In the end, we opted for the second option. We chose the fast and gentle SANSURE 2in1 colloidal gold-based antigen test for quality detection of the nucleocapsid pro-protein (N-protein) antigen SARS-CoV-2. After all, it was a quick and convenient solution, the swabbing of the front of the nose was uneventful, and before the result showed up within 10 to 15 minutes, we had time to set up the rest of the equipment we needed for the race. 


As soon as the result was negative, we got a witness (anyone from the household is enough - unfortunately dogs don't count), signed the declaration and reverse, and packed the vaccination certificates. These are missing from the photo, which I'm sure the observant dog person noticed.

Respirators or muffs have become a standard part of our daily wardrobe. We packed our FFP2 respirators from Hygisun brand in elegant black colour. What else? We always have wet wipes and disinfectant in the car. We share this equipment with all parents and dog owners, as there is always something to clean up in the car. 

In the evening before we left, we checked everything one last time and made sure that nothing was missing. Our alarm was set for 4am. The dogs were snoozing peacefully and we soon went to bed as well.

Dirty, tired, but proud and happy

After four hours of driving, we finally arrive. We rush to the registration, where they prepared envelopes with chips and small gifts for our furry friends. We keep our spacing honestly and both we and the organizers have respirators or masks. Right next to the organizers' table there is disinfectant.

As we have all grown accustomed to human contact, apparently no one has much trouble keeping our distance from each other. Music is playing and the emcee of the event is telling us everything about the race into a microphone, so we don't have to crowd around him. We listen quietly on the sidelines for instructions and other important information. Even so, you can feel the pre-race euphoria slowly rising. We quickly arrange to change the start so we can catch both races, and in a few minutes we're off. We're at the starting gate, just a quick beep of the correct chip and off we go. The course is 6km long and there are 18 obstacles.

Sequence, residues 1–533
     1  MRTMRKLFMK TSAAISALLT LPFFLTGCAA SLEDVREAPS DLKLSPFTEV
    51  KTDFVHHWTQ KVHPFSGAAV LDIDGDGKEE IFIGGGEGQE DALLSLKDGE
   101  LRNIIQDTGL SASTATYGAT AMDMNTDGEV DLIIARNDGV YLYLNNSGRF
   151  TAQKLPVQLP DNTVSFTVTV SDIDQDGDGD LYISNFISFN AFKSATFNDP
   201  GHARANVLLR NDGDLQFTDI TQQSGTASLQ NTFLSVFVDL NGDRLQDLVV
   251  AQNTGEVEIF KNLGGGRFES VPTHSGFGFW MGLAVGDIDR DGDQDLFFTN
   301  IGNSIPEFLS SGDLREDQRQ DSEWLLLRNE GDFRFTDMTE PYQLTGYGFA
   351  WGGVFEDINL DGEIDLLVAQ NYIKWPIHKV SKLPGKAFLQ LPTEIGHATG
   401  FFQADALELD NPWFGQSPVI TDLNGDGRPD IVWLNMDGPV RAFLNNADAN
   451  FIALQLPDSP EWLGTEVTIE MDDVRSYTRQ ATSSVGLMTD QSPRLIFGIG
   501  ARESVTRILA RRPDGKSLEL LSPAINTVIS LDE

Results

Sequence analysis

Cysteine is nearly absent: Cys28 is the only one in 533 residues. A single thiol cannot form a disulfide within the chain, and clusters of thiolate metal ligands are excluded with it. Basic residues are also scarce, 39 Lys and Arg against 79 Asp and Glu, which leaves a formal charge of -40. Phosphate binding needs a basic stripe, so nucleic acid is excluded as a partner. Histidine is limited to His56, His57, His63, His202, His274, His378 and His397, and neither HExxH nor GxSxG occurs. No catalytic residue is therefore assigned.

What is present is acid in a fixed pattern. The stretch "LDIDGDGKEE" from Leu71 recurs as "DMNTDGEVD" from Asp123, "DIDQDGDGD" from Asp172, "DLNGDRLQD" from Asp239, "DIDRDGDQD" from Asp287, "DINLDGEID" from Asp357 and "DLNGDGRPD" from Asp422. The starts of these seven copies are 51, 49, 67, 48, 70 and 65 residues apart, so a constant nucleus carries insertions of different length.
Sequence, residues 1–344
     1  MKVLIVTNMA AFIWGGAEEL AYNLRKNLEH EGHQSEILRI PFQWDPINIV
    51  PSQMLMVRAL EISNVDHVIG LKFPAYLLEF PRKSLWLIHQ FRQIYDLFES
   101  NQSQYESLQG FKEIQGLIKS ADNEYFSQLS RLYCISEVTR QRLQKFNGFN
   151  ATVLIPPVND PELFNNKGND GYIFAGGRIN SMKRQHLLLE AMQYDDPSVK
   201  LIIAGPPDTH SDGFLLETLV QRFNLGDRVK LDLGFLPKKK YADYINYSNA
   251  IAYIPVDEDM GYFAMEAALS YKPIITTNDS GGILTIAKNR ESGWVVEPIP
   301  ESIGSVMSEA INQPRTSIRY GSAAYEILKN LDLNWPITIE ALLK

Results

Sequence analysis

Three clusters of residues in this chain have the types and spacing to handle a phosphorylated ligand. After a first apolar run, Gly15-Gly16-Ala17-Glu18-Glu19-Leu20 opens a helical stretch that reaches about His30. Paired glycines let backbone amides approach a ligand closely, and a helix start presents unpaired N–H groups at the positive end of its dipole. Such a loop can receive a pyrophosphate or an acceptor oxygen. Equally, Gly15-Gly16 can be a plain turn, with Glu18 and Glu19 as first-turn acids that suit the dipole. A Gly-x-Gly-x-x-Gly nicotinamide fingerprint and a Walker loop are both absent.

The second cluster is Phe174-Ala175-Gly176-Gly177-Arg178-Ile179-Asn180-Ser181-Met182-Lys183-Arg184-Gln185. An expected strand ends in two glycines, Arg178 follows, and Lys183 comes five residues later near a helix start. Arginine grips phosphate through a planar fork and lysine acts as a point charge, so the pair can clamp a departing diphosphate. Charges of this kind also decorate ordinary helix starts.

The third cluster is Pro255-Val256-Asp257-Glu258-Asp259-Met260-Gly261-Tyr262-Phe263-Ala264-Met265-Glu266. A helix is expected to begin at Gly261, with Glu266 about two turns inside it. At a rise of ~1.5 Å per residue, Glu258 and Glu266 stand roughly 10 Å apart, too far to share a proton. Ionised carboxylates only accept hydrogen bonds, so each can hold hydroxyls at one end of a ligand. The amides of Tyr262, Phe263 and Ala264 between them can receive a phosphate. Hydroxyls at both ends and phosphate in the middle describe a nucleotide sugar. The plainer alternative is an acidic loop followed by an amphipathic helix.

There are helpers waiting at each obstacle to explain in detail exactly what we need to do at a particular obstacle, as it's not always clear. In case there are two or more helpers at an obstacle, they are wearing blindfolds. That's all we can perceive as we get tired and the kilometres in our legs get longer. After all the obstacles have been conquered, the finish line appears in front of us, where beautiful medals await us, even if only for participation.

The motto of these races has always been, "Get over yourself, get off the couch and do something for yourself and your dog!" This year, it's doubly true.

Dirty, tired, but proud and happy to have participated, we are going home and our minds are racing with thoughts of when the next race will be, because this is really addictive and it shows that even with precautions you can make it work. We've gotten used to them so it's just a few extra items on our list. The main thing is that we can finally race and outdo ourselves.

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Sport in the covid era: report from the Extreme Dog Race